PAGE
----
The Learning Circle: Perspective & Performance

One of our very favorite tools for developing leaders at Pattern Talent is called The Learning Circle. Learning new things is a crucial part of leadership, but what you do with what you learn is just as important. That’s what The Learning Circle is all about. 

Brad recently worked through The Learning Circle on our YouTube channel here, so make sure you check that out, especially if you’re a visual learner. While you’re there, make sure you like and subscribe so that you don’t miss any new content from Pattern.  

The Learning Circle works like this: you’re going through life, you’re going through time, and then boom, you have a moment in time where you experience a revelation, a flash of inspiration, a moment of crystal clarity and understanding. And that sends you on a cascade of learning. Maybe it’s something new like you read some great insight in a new book or heard a great quote on a podcast. Or maybe it’s something huge, like you’ve got new striking clarity on your life calling. Either way, The Learning Circle is a tool that helps you work from perspective to performance.  

The first part of the circle is your perspective. Anytime we learn something new, we have a shift in perspective. The Greeks called this a “metanoia” and it literally means to “change your mind.” The second part is performance. Learning new information requires that we change the way we perform. When we learn something new, we should act in such a way that reflect that change. 

So how do we start? Once we have this moment in time, this revelatory experience, this miracle, this new piece of data or information, a new mentor, a new book, a podcast, we heard and experience, we had a dream, anything that you can think of that wakes you up from your normal way of thinking, step one is to: 


We take a second, a deep breath, and try to understand exactly what it was that happened. We have to observe that experience. Next we:


We have to ask ourselves, what does that experience mean to me? What does it mean in the broader narrative of the life that I’ve been living, and what I can do with that experience moving forward into the future? Then, as our perspective is shifting, we need to include relationships and people that we trust in the process. So here we:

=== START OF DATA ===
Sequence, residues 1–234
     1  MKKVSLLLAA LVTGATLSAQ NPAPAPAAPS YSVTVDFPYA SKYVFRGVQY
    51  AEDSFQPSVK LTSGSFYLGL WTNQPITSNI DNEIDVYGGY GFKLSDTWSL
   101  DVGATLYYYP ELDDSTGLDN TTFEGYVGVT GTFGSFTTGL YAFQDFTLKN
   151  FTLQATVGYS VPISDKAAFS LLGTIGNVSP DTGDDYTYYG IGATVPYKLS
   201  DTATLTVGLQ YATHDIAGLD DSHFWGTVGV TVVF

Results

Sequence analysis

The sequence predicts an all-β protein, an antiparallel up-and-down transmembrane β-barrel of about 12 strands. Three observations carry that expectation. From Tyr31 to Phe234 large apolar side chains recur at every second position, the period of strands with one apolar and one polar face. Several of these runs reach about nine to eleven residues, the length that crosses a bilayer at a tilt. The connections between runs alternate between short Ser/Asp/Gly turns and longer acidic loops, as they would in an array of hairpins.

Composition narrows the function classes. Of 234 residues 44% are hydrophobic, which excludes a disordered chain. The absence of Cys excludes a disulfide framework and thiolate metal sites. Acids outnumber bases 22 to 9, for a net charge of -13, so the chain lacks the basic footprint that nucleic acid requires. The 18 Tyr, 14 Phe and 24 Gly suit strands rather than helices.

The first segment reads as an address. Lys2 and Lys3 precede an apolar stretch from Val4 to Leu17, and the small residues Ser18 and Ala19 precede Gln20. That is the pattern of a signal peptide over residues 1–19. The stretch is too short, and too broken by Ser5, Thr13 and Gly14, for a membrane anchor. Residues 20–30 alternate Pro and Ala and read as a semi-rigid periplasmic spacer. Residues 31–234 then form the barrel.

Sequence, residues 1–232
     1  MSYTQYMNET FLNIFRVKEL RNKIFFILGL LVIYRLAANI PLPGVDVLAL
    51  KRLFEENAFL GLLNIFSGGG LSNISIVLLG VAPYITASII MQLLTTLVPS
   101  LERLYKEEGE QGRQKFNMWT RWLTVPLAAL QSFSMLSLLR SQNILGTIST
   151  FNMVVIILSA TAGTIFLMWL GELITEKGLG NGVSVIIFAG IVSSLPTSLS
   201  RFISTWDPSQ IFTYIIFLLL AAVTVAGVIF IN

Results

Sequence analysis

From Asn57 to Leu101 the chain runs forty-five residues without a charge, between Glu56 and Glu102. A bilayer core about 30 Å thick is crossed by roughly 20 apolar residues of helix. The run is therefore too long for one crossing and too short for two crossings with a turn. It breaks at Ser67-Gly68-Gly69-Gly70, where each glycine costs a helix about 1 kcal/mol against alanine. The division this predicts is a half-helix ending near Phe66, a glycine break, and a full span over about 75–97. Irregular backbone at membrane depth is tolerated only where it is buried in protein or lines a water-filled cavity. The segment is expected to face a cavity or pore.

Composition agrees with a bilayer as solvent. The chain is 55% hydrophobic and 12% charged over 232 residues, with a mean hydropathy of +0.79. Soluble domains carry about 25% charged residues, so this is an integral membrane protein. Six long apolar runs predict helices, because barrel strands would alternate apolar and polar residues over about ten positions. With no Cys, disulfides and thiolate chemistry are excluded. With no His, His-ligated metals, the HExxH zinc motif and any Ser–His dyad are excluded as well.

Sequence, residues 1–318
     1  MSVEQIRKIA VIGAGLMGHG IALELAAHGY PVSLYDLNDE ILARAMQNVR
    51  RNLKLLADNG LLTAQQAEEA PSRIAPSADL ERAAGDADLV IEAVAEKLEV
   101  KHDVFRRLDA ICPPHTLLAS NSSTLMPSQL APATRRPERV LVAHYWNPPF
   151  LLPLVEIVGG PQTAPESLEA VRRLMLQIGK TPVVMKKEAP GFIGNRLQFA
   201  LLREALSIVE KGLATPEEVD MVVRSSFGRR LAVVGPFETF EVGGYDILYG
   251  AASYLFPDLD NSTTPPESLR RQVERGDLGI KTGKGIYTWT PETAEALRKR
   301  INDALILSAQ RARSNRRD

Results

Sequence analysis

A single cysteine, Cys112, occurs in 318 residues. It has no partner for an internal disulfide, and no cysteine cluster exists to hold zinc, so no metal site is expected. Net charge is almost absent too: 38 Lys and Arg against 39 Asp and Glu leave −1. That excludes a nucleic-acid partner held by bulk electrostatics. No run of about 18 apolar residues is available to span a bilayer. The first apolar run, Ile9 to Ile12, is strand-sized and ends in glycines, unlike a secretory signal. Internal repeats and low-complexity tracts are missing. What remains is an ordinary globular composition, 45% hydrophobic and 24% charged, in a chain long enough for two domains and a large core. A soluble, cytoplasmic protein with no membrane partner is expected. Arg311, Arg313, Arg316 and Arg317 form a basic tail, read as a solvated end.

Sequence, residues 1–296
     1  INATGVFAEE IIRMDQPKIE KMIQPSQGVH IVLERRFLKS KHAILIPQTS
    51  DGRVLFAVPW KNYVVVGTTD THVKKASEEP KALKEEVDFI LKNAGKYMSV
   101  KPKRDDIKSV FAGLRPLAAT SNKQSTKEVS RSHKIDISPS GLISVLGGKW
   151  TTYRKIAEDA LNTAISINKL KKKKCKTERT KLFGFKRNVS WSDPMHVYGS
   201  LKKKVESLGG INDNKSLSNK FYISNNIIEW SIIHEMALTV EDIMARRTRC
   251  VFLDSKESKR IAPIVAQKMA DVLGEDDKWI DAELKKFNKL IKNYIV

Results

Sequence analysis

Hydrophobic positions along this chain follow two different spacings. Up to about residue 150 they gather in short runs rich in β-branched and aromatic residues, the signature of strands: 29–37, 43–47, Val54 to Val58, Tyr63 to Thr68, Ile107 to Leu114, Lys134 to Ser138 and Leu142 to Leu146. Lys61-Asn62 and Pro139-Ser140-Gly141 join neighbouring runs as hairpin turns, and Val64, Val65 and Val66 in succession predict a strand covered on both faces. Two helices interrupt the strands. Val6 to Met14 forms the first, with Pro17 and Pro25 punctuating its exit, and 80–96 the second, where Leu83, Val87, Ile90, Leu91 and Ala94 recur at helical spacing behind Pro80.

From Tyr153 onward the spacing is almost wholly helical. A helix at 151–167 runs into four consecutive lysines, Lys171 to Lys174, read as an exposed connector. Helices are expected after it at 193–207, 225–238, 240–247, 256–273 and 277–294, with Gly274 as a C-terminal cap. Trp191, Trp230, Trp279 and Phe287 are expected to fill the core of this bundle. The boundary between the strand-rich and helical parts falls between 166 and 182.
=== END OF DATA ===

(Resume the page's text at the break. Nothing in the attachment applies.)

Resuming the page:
We have to process and discuss this new found knowledge with high trust relationships. 

This is where we ultimately find the perspective shifting elements of a learning journey, we observe the experience, we reflect on its meaning. And we begin to process and discuss it in the context of community. 

Next, we move to actually having to perform that new learning, we have to actually do something. We don’t start doing a new thing without this first step: 


We must actually taking an account of where we currently are, and what progress needs to be made. We need to understand our current state and how this new information influences and affects our current state. Next we need to, make a: 


We make a plan for how we’re going to integrate this new knowledge into our life in a way that’s authentic to who we are, but also recognizes that a change is taking place. Finally, we need to:


It’s not enough to just plan: we actually have to execute. 

Performance isn’t dictated on your plan or your account of your current state. It’s not about the relationships in your life and what they think about something you learned. It’s not about your own reflections, and it’s not about the experience itself. It’s about how you behave in light of the rest of this process. If we don’t act, we’ve missed it.

And we know that we can’t act without writing things down and sharing them. Any time that you’re going through a learning experience, any time that you read a book and you have a shift in your perspective, do yourself a favor and go through this process. Write down your observations, share some reflections in a journal, discuss those new learnings with closely trusted relationships, taking account of your current state and how to integrate that new knowledge into your life. Make a plan of attack for how you’re going to implement these changes, and then go execute. It may help to draw your own version of this meme: 

The next time you’re working through a big perspective shift, let Pattern Talent help. Set up some time to talk to Brad here, or send an email to

January 17, 2024


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